West Virginia Bill Reduces Mandatory Vehicle Inspections

Feb. 2, 2023

Debate sparked on the West Virginia senate floor over whether vehicle inspections should be performed annually or biennially. 

Feb. 2, 2023 – A bill presented in the West Virginia senate to change vehicle inspections to every two years instead of annually sparked some debate on the floor, Williamson Daily News reports.

Senator Mike Stuart, a Republican from Kanawha county, spoke in favor of the bill, saying that it would “West Virginians safe while adding to the convenience of being a citizen of the state.”

Opposition was voiced by minority leader Mike Woelfel, a Democrat from Cabell county. He pointed to Ohio, where there are no vehicle inspections and, as he said, “people have the vehicles tied together with baling wire and twine,” as an example of how dangerous vehicles can become when they are not inspected.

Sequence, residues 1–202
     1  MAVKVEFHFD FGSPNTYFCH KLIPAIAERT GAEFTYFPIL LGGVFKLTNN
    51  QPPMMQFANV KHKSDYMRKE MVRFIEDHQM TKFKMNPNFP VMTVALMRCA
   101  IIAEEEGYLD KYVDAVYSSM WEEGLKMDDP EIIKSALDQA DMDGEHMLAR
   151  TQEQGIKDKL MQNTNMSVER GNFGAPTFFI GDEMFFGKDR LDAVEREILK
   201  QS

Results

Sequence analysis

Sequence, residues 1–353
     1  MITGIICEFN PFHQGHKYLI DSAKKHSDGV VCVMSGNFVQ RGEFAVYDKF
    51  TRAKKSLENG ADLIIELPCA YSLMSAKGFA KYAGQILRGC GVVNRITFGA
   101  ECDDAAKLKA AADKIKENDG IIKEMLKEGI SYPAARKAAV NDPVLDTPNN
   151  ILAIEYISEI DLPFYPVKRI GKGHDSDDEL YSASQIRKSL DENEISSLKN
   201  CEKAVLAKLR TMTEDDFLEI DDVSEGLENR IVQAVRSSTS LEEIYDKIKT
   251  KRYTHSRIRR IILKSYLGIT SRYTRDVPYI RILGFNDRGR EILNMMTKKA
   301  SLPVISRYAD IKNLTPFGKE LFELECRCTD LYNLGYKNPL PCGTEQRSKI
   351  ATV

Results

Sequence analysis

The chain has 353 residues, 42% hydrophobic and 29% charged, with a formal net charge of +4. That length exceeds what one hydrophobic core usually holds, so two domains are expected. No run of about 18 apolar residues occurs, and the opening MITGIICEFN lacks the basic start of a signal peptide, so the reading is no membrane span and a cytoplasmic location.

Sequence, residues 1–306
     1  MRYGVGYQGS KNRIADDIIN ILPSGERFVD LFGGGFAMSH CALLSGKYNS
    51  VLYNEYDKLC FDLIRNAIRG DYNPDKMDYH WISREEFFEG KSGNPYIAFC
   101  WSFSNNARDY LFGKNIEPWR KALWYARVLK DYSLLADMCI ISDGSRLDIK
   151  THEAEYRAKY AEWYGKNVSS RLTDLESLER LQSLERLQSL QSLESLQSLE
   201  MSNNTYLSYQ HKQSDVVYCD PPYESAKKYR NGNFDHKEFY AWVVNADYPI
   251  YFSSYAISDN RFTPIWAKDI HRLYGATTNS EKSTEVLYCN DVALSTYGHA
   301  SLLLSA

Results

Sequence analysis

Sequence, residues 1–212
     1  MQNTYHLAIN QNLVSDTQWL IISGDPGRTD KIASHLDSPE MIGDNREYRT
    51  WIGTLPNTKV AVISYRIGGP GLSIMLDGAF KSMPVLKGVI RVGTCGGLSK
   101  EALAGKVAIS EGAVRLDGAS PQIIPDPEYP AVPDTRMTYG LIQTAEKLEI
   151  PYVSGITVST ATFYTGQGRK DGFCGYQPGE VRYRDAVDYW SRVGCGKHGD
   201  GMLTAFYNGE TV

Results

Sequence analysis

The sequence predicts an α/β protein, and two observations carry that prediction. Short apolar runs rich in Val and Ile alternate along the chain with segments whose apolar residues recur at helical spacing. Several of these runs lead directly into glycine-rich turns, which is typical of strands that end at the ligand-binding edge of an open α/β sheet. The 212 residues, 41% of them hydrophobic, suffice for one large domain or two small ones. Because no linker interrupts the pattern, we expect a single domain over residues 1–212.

“If we see there is some substantial issue at some point in the future we can change this law and move it back to a one-year requirement,” Stuart said.

Woelfel asked how reducing the frequency of having vehicles tested could result in people being any safer. But according to Stuart, “the question should be will it make people less safe.”

“I don’t see the net gain, other than to say ‘freedom’ from the government burden for that year,” Woelfel countered. “We are a leader in this and we want our people to be safe.”

If passed into law, the bill will take effect on Jan. 1, 2024.